Mr David Daura

David Daura

Lawyer biography

Training
David completed a postgraduate course on Civil and Criminal Law at the Barcelona Bar Association’s School of Legal Practice in 2014.
 
Graduate in Law from Barcelona Autonomous University (UAB) in 2013.
 
Professional Experience
David joined Grau & Angulo in 2014.
 
From 2012 to 2014 David worked as an articled clerk and later as criminal lawyer with the office Atienza Advocats.
 
Publications
In 2016 he won first prize in the Amadeu Martistany Oratory Competition with his arguments on the probative value of whatsapp emoticons.
 
Areas of Practice
Anti-piracy and criminal law on trade marks.
 
Languages
Spanish, English and Catalan.
 
Professional Associations
Member of the Barcelona Bar Association.
 

Updates

Intellectual Property

Criminal sentence for importers of shoes which infringed adidas trademarks and designs
Spain | 29 April 2019

The Valencia Court of Appeal, acting as a trial court, recently sentenced two defendants to one-and-a-half years in prison for importing thousands of pairs of counterfeit shoes for commercial purposes. The court also ordered the defendants to pay a fine, procedural costs and damages and destruction costs. This is one of the first judgments to be issued by an appeal court acting as a trial court in an IP criminal case.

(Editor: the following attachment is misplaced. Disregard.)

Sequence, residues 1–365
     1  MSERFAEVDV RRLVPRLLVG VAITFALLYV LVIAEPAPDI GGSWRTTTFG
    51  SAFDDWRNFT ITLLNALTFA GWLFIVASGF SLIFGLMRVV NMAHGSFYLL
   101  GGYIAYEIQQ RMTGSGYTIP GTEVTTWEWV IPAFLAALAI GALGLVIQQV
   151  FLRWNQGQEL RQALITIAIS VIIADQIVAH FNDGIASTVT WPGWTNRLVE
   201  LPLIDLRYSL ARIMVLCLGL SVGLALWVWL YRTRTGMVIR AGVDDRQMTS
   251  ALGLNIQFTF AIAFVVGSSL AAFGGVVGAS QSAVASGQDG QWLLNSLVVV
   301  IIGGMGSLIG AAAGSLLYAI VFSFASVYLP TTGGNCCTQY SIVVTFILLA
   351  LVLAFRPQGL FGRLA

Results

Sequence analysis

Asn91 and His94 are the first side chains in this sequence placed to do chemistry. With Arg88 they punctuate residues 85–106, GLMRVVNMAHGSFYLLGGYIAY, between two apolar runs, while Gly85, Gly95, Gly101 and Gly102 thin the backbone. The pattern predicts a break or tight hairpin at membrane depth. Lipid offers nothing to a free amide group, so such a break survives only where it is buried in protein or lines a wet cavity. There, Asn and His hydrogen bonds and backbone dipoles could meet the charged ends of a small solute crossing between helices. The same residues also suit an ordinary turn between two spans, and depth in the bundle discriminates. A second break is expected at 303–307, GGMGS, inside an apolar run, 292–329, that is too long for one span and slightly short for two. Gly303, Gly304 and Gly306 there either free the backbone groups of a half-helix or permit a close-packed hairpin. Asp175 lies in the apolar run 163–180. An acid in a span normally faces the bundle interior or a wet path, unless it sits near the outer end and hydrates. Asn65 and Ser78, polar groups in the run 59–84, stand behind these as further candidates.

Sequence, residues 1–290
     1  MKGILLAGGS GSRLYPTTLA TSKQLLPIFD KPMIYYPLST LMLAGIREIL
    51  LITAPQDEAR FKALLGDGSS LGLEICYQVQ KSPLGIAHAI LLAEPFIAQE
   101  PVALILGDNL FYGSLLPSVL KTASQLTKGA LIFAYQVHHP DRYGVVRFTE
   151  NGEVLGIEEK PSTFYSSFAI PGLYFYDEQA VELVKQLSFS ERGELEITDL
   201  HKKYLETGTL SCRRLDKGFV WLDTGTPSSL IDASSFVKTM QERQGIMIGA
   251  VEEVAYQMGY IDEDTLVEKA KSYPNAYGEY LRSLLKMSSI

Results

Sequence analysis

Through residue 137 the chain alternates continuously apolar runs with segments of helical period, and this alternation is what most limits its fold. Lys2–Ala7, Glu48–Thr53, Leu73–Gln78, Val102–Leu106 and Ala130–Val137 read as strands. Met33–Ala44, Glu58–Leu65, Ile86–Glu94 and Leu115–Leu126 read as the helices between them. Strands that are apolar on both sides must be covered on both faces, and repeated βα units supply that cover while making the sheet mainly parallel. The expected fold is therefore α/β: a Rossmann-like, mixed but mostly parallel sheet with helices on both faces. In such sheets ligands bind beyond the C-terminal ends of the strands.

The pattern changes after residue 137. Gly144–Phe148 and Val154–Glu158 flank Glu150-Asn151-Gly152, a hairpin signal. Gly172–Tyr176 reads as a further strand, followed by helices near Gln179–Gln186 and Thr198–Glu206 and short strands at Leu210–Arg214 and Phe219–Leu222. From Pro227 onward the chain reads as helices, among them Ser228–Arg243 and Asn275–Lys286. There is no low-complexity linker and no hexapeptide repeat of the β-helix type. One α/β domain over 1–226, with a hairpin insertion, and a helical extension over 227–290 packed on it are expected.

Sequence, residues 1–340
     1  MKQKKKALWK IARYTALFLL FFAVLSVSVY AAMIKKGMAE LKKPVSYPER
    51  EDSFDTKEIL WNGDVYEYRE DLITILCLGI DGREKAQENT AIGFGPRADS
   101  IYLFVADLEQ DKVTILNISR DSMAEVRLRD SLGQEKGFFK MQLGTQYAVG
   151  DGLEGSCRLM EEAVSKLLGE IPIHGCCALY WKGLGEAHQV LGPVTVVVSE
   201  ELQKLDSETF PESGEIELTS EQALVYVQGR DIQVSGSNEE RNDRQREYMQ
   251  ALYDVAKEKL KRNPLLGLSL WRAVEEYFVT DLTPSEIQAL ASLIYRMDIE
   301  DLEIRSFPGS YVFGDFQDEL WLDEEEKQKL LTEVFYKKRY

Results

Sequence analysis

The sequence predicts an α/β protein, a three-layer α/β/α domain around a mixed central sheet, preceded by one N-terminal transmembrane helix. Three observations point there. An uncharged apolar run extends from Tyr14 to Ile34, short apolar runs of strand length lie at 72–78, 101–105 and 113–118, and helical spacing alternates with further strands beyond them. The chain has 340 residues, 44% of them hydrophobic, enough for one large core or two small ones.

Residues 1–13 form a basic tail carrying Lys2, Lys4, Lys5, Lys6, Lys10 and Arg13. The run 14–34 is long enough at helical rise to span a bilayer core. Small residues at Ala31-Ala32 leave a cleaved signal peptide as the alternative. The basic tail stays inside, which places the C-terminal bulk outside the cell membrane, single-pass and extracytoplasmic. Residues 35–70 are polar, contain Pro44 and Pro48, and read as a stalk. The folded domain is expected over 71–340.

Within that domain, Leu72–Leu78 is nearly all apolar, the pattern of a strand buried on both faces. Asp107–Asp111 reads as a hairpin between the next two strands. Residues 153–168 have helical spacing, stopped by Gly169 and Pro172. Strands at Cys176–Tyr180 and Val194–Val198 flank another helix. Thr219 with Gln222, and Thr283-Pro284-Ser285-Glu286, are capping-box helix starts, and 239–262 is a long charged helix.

Criminal sentence for importers of counterfeit t-shirts
Spain | 30 July 2018

The Zaragoza Court of Appeal recently issued a ruling confirming a trial court judgment which had sentenced two defendants for importing several thousand counterfeit t-shirts from China. In their appeal against the trial court's condemnatory judgment, the defendants had argued that the trial court erred in assessing the evidence, that there had been a break in the custody chain of the seized goods, that one of the defendants had not participated in the importation and that there had been no consumer error.

Criminal sentence handed down for sale of counterfeit shoes
Spain | 21 May 2018

The Barcelona Court of Appeal recently dismissed the writ of appeal filed by an online seller of counterfeit shoes against a trial court judgment, confirming the judgment in its entirety. Notably, the trial court had applied the damages criterion provided for in Article 43.2.b of the Trademark Act as opposed to that provided for in Article 43.2.a, which is more commonly applied in criminal cases and comprises the profits which a trademark owner would have made had a counterfeiting offence not occurred.